Half an hour later I was yanking The One from the MBDV and before you could say “one by” I was climbing up the gravel road to the top end of the old trail which I now call “Hillbilly Hayduke” after one of a singer songwriter friend’s obscure gems.  It was in great shape and I rode it all the way out, swung around my new little connector section and picked up FHAT (will need to berm the drop into the connector) and started cranking up the creek toward Flat Hollow Arch. 

Despite a little lingering mud everything rode well.  The creek crossings are holding up and my armoring is doing its job.  I need some more creek gravel in a few places.  But then I was at the bottom of the most recently constructed climbing section.  Its two switchbacks separated by long segments in between.  I purposefully stretched the trail out as far as I could and used two natural benches for turns.  Regardless the trail has ended up a lung buster. 

The first pass up I nailed the lower crux.  But by the time I reached the top of the steep stuff I had blown completely up.  I slipped off the bike, took off my helmet and sunglasses, and sat down on the side of the trail.  I never…NEVER stop the bike and sit down to rest.  When it was certain my heart wasn’t going to fail I got on and rode the last hundred yards to the road bench.  Then I finished out the loop on Fire on the Mountain and looped back onto the Arch Trail once again.  The second time I intended to ride out and back and check out the descent now that it was a bit drier than the other time I rode it after the cutting was finished.

The second time I flubbed the lower crux but managed to cruise the upper crux.  It’s a fitness thing for me.  Pure and simple.  But I’m not so out of shape that an “easy” trail would flat out shut me down twice in a day.  No, that climb section is as easy as we could have made it, but its still intermediate at best.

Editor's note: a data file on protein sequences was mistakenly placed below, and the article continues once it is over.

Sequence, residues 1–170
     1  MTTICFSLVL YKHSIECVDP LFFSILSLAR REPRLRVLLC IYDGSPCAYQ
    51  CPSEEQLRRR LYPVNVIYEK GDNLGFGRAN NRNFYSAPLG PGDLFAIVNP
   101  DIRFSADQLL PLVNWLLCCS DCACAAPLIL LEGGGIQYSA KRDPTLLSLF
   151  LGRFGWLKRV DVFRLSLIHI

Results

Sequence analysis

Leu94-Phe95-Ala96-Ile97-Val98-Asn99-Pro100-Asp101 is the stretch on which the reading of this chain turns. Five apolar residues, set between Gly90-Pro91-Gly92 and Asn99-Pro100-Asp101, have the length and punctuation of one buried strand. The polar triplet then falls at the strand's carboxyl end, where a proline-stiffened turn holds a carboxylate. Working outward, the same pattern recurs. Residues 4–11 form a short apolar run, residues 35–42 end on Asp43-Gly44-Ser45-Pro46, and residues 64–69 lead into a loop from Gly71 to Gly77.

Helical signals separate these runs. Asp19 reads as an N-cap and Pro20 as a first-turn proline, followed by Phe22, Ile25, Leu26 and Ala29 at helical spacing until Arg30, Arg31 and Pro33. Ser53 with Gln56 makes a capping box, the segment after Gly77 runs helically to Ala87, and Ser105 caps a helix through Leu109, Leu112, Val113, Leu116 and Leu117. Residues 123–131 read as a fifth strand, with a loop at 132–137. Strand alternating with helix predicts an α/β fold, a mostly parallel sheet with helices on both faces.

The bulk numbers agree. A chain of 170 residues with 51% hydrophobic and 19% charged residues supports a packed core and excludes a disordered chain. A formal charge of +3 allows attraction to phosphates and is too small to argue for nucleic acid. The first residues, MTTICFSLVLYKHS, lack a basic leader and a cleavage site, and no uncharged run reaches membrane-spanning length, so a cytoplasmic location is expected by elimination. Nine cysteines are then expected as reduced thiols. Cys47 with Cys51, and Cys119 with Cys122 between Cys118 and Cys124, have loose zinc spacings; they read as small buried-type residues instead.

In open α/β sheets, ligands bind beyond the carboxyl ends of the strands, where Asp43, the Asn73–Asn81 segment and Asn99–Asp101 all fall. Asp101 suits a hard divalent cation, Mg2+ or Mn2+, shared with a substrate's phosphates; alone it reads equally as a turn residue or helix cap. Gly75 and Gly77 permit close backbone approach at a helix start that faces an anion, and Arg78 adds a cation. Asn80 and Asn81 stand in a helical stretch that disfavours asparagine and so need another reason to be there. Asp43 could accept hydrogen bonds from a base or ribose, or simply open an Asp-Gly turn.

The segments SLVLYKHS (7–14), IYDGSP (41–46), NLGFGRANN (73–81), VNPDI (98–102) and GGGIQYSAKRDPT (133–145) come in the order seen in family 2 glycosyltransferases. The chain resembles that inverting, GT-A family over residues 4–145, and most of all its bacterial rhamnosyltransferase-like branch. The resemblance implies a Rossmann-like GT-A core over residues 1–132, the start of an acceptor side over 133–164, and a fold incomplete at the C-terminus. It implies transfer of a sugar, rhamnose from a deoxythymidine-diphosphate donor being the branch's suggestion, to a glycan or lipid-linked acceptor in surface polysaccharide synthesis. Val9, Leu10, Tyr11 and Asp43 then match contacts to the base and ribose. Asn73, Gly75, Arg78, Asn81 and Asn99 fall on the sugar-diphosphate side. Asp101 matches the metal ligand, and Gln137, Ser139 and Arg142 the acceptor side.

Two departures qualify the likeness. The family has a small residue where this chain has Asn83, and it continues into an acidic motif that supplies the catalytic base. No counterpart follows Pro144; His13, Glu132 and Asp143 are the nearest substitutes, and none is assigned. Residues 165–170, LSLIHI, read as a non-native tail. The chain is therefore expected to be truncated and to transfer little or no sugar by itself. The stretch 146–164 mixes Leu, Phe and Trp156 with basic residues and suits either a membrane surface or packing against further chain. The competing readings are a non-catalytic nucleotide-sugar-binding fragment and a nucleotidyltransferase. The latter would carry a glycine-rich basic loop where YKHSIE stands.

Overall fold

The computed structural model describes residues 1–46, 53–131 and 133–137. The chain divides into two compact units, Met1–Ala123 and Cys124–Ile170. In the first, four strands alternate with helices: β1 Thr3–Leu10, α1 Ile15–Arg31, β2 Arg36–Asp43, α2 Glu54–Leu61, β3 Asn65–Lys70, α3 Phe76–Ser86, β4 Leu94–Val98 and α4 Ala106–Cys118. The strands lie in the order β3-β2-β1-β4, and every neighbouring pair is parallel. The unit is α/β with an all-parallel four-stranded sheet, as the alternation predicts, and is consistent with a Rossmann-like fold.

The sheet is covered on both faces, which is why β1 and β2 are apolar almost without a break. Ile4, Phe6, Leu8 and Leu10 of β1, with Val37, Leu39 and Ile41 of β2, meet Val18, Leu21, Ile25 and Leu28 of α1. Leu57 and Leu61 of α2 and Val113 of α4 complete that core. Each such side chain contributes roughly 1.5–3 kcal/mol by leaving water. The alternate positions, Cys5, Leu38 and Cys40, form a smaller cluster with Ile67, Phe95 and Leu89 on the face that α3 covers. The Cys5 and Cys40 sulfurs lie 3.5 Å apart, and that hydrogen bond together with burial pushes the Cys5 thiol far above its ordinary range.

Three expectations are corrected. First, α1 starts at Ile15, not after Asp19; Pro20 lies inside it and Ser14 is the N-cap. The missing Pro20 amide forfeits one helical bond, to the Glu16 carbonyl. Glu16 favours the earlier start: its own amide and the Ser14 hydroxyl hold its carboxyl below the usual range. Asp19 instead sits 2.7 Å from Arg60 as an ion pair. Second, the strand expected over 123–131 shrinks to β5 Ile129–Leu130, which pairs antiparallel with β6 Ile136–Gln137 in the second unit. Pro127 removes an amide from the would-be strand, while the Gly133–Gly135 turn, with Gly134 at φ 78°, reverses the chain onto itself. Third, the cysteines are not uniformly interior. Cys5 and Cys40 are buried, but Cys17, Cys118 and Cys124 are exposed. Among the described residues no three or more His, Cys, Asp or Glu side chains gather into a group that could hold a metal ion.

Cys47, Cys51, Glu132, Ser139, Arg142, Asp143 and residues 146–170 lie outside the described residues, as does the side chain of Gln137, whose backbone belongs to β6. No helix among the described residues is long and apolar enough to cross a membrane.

After my 3.25 mile ride I was even more determined to rough in the Holler Flats loop I scouted the last time I was up there.  I changed into jeans after my ride so the nettles in the flats area wouldn’t burn me alive.  I raked a bit and then threw in some rough flagging to nail down an alignment.  I need to get a wheelbarrow up there.  My goal is to create a fun loop with whoop-de-dos and berms so that you can ride up the creek, do the loop a few times and ride back to the parking lot without feeling gypped.  I’m thinking “Take a Kid Mountain Biking Day” kinda ride with this.  And the arch climb will still be there for the more adventurous and cadiovascularly fit children. 

The flats loop is going to take a bunch of loads of creek gravel to make it rideable year round.  I think it’s going to be worth it though.  There are some natural dips and berms already.  That’s what drew me to the area to include into our growing trail system.

As I returned to the car and stowed my tools in the trunk and prepared to head out I was really satisfied.  Its been a lot of work to get the Flat Hollow Arch Trail built this past winter.  And there is still a lot of work left to finish Fire on the Mountain and complete the loop that we’ve been working on this past year, but in the end I think the Flat Hollow section and the remainder of the Bald Rock trail system (yet to be built) is going to be an amazing loop that will be even more satisfying to shoot up and ride after work.